Dillon, Wentworth (1637–85), 4th earl of Roscommon , poet, was born (probably in Ireland) in October 1637, only son of James Dillon, 3rd earl of Roscommon, who had been converted to protestantism by James Ussher (qv). His mother Elizabeth was sister of Thomas Wentworth (qv), lord deputy of Ireland from 1633. The boy was sent to Wentworth's house in Yorkshire to be educated, but on his uncle's fall from power he was taken on Ussher's advice to the protestant academy at Caen, northern France. There, it is said, he knew by second sight of the death of his father (October 1649) a fortnight before the news arrived from Ireland. He travelled widely in Europe, especially in Italy, until after the restoration of Charles II, when he returned to England. His estates and titles were restored by an act of the English parliament (December 1660). Roscommon petitioned the king for some recompense for the huge sums of money lost by his family in supporting the royalist cause, but – except for being made captain of the band of gentlemen pensioners – may not have received much compensation. He took his seat by proxy in the Irish parliament on 10 July 1661.
Roscommon travelled to Ireland in 1662 to settle a dispute with the lord privy seal over his estates; while there, he was made a captain in the Irish guards by the lord lieutenant, James Butler (qv), 1st duke of Ormond. He took an active part in the Irish parliament and privy council, but also continued the gambling and duelling for which he had become notorious at the royal court in Whitehall. Leaving the gambling table late one night, he was attacked by would-be assassins; Roscommon killed one unaided, and another with the assistance of a passing gentleman. In gratitude to his new-found friend, he gave up for him his captaincy in the Irish guards. On at least two occasions Ormond intervened to prevent his duelling, in one instance in 1667 ordering his confinement for a night when Roscommon was challenged by the earl of Donegall's son.
Having raised an infantry regiment to fight with the French against the Dutch, he left Ireland in 1671, but returned to Ireland a year later, his regiment having been disbanded by the French. He went to London in 1674 and and was made master of horse to the duchess of York. Turning away from his wastrel lifestyle, he became acquainted with John Dryden and his circle. With them he projected an academy of letters, which met on a few occasions, and where he made a name for himself by translating French and Latin verse, especially a Virgilian eclogue and works by Horace. He published Horace's The art of poetry in blank verse in 1680, with later editions in 1684 and 1709, as well as original pieces, chiefly An essay on translated verse (1684, 1685). Contemporary critics praised his work at least partly, perhaps, because it was written by a nobleman of somewhat higher moral standing than those around him at court; later scholars note that he was the first commentator to acknowledge the importance of Milton's Paradise lost.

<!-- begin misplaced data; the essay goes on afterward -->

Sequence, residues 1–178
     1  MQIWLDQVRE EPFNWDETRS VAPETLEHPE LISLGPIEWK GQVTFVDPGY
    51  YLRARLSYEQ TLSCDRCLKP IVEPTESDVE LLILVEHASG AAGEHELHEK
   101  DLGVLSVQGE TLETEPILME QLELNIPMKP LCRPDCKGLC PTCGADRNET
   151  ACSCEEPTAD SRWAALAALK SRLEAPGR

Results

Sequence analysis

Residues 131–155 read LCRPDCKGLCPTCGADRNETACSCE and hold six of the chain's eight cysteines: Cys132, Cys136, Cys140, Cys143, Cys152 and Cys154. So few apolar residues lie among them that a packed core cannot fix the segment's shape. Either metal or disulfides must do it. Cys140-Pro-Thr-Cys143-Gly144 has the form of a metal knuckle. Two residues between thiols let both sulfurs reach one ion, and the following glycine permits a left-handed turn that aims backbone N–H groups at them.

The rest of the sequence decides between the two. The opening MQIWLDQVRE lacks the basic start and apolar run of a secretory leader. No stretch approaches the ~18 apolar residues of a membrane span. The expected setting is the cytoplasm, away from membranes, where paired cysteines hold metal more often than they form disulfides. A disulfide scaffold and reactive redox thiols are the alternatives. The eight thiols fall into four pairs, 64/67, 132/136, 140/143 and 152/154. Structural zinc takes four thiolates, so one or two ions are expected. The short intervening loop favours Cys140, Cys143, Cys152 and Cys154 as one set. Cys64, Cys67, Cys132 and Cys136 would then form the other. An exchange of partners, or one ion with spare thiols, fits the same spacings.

During the exclusion crisis he apparently accompanied James (qv), duke of York, to Scotland during the latter's banishment from court in London. He died in London on 17 January 1685, and was buried in Westminster abbey on 21 January.
Roscommon married first (April 1662) Lady Frances Courtenay, daughter of Richard Boyle (qv), 2nd earl of Cork and 1st earl of Burlington, and widow of Sir Francis Courtenay of Limerick. She died after December 1672; their son died in September 1675. Roscommon married secondly (9 November 1674) Isabella, daughter of Matthew Boynton of Yorkshire. Her only sister Katherine married Richard Talbot (qv), later earl of Tyrconnell. Roscommon had no other children; his widow inherited the greater part of his estates, which subsequently passed into the family of her second husband, Thomas Carter (qv) (d. 1726) of Robertstown, Co. Meath. Roscommon's portrait, painted by Carlo Maratta (or Maratti), is in the collection of Earl Spencer; a watercolour version is in the National Portrait Gallery, London.